When the Angel of Death Comes Knocking

The Covid-19 pandemic has given rise to innumerable questions. One of the questions among Christians is theological: why has it ravaged the community of faith? In other words, why are followers of Jesus Christ not spared from the sufferings of this terrible pandemic? It’s a question that sounds rather exclusive, selfish and insensitive. But it does come at us in slightly different forms at other times when unforeseen events happen – an accident, a cancer diagnosis, suicide etc.

Questions like these are theological, but they are also deeply personal and shaped by the experience of suffering or seeing those we love suffer. Answers are therefore not only difficult to find but also not satisfactory almost all of the time. It is with these in mind that I hazard an explanation to these difficult questions.

The Bible is full of examples where righteous people are saved or protected from terrible things that happen around them. Beginning with Noah and his family who are delivered from the flood (Genesis 6-8), to the promise in Psalms 91 that ‘it will not come near you’ even if ‘a thousand fall at your side’, to Revelations where ‘only those people who do not have the seal of God on their foreheads’ are tortured (Rev. 9:4-6), there is a constant refrain across the Scriptures that those who trust in the Lord will be protected, kept safe and prosper. Famous passages from Exodus about Israel being untouched by the plagues come to mind. And then the equally dramatic story of Daniel in the lions’ den and his friends in the furnace.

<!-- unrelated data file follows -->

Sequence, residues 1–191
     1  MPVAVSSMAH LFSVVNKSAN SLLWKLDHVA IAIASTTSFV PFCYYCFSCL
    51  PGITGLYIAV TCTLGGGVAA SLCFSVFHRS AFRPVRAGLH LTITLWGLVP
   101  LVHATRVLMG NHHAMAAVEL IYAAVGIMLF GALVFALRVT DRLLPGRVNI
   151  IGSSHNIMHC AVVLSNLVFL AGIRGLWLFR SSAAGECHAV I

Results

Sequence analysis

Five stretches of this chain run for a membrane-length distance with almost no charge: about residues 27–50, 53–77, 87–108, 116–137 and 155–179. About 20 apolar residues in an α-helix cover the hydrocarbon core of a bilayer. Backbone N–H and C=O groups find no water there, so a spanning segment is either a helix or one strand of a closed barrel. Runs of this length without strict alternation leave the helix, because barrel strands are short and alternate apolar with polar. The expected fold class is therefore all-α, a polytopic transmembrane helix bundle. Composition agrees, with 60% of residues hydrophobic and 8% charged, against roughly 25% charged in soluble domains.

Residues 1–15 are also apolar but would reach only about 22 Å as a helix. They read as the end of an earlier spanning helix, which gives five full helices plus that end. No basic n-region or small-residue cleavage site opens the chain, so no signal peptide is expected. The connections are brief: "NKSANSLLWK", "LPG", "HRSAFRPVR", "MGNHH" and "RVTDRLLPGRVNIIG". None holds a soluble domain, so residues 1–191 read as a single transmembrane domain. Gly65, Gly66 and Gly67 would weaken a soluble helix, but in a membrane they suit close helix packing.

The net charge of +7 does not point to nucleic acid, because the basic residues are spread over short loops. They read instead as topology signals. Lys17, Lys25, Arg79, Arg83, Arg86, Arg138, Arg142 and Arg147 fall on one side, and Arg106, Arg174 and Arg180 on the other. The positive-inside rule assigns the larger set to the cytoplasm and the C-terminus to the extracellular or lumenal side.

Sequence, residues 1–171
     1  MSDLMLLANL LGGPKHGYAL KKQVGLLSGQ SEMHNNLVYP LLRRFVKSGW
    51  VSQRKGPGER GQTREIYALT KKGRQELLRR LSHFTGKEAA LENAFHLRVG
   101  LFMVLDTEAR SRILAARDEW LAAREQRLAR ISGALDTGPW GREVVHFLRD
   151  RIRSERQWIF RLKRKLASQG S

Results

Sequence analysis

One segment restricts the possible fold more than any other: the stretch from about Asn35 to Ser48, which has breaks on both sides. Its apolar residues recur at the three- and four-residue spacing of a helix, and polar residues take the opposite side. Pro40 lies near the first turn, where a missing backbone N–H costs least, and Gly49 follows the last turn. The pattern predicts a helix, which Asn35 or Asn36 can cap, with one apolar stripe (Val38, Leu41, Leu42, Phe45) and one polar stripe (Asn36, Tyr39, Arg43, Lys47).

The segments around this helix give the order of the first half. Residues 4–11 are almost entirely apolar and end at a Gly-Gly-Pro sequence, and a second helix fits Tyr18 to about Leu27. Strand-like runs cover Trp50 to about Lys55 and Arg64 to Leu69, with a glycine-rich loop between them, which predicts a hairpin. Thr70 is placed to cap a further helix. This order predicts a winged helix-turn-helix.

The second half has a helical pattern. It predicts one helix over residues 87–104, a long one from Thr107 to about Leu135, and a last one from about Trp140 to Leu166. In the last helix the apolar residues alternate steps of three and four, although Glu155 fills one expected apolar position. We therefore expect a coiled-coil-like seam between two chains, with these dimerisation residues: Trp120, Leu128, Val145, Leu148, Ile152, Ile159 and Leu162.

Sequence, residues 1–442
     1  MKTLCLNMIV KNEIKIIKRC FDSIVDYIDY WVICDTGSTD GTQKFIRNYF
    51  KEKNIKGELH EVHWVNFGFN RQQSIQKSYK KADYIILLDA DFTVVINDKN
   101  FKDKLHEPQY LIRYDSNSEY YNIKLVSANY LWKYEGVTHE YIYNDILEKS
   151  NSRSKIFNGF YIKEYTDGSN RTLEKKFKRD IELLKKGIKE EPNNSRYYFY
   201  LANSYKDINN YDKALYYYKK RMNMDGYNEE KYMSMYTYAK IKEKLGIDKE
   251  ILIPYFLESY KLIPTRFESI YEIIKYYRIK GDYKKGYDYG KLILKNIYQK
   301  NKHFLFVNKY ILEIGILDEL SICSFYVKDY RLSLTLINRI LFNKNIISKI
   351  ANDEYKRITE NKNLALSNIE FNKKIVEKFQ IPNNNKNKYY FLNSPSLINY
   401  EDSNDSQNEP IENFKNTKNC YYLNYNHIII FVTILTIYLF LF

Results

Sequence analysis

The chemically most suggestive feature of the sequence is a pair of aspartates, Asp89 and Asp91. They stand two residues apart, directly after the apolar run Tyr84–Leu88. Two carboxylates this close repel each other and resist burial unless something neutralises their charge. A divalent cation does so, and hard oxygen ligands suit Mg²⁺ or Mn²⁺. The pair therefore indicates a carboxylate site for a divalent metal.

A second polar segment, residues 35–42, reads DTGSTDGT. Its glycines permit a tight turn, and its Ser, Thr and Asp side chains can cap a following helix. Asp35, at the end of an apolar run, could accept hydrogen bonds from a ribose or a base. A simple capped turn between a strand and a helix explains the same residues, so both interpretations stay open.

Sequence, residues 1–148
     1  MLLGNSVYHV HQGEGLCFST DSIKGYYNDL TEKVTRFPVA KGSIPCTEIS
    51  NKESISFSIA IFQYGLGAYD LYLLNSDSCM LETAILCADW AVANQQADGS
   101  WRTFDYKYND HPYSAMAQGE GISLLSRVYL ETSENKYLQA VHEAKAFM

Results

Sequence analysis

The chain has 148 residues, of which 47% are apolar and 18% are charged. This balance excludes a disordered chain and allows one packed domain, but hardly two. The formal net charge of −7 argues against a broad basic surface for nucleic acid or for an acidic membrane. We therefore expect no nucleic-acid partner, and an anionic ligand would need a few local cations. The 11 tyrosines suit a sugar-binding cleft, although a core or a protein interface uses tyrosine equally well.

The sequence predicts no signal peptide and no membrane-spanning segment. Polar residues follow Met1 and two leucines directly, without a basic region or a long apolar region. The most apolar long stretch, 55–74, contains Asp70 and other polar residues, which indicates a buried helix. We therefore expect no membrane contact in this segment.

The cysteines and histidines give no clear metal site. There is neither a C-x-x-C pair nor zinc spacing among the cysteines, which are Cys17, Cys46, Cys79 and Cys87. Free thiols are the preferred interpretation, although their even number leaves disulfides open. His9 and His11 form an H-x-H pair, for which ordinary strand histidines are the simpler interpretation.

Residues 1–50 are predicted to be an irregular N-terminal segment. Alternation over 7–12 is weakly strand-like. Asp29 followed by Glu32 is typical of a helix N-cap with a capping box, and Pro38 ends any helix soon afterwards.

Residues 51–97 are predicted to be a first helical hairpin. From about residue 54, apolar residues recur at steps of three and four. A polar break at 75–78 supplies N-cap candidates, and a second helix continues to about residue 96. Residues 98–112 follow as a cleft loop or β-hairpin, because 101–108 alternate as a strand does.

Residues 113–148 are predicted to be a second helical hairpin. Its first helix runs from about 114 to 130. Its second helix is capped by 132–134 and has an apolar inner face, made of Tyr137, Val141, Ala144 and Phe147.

I have had multiple conversations with well-meaning relatives who assure me that nothing will happen if I pray and stay close to God. These examples from the Bible firmly support their belief. But I have had to tell them that it is not so: many pastors and servants of the Church, God-fearing, good people have suffered and died too, like all the others. We have a two-fold question here. First, is it wrong to expect God to protect his people in times such as these? And second, if it is not wrong, then why have so many people of faith lost their lives to the virus?

In good and bad times, we depend on God for everything. Therefore, when we are going through a once in a lifetime crisis, it is only natural for us to seek God’s protection even more. So yes, it is only right and proper to wait for God’s deliverance, not only for those who call themselves Christians, but for all people. And indeed, there are many stories of miracles and healings. For some, God has literally rescued them from the flood or walked with them through the fire to bring them out unhurt.

And yet, there is a large number of people who waited expectantly for God’s intervention and did not receive it. For many, God has been silent and unreachable. At the back of my mind, I think that if God-fearing people were protected, the rest would see and turn to God. Just as Nebuchadnezzar was forced to do so long ago. That is how we become the city on a hill, the light of the world, right? But then again, I suspect we’d become an even more self-righteous bunch of people, pointing fingers at the sins of the world. Surely, that is not the way to win the world…